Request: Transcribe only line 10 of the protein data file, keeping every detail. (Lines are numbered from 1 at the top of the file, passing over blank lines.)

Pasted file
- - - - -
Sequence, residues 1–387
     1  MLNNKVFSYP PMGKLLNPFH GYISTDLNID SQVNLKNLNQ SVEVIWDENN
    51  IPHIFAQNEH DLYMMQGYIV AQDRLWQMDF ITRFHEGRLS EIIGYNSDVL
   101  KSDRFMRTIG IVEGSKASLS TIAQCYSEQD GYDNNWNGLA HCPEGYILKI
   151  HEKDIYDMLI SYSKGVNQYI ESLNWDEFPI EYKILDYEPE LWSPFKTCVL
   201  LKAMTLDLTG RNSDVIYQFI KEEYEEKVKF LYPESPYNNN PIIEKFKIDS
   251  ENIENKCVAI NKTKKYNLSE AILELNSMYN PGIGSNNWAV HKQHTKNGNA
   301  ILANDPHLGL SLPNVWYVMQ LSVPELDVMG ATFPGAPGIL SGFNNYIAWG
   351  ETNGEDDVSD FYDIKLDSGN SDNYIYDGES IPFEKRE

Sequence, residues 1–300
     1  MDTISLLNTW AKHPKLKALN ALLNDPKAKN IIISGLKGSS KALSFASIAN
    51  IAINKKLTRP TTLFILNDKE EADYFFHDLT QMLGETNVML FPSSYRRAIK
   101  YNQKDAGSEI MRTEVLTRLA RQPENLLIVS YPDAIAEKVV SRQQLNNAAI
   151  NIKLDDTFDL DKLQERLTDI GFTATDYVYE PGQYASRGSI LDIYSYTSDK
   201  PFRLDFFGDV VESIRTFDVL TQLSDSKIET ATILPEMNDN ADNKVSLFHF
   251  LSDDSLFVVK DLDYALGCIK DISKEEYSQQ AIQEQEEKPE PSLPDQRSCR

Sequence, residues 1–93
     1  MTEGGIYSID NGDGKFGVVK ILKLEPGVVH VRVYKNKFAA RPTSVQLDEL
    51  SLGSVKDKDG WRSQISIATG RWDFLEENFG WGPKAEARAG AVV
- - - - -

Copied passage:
Sequence, residues 1–300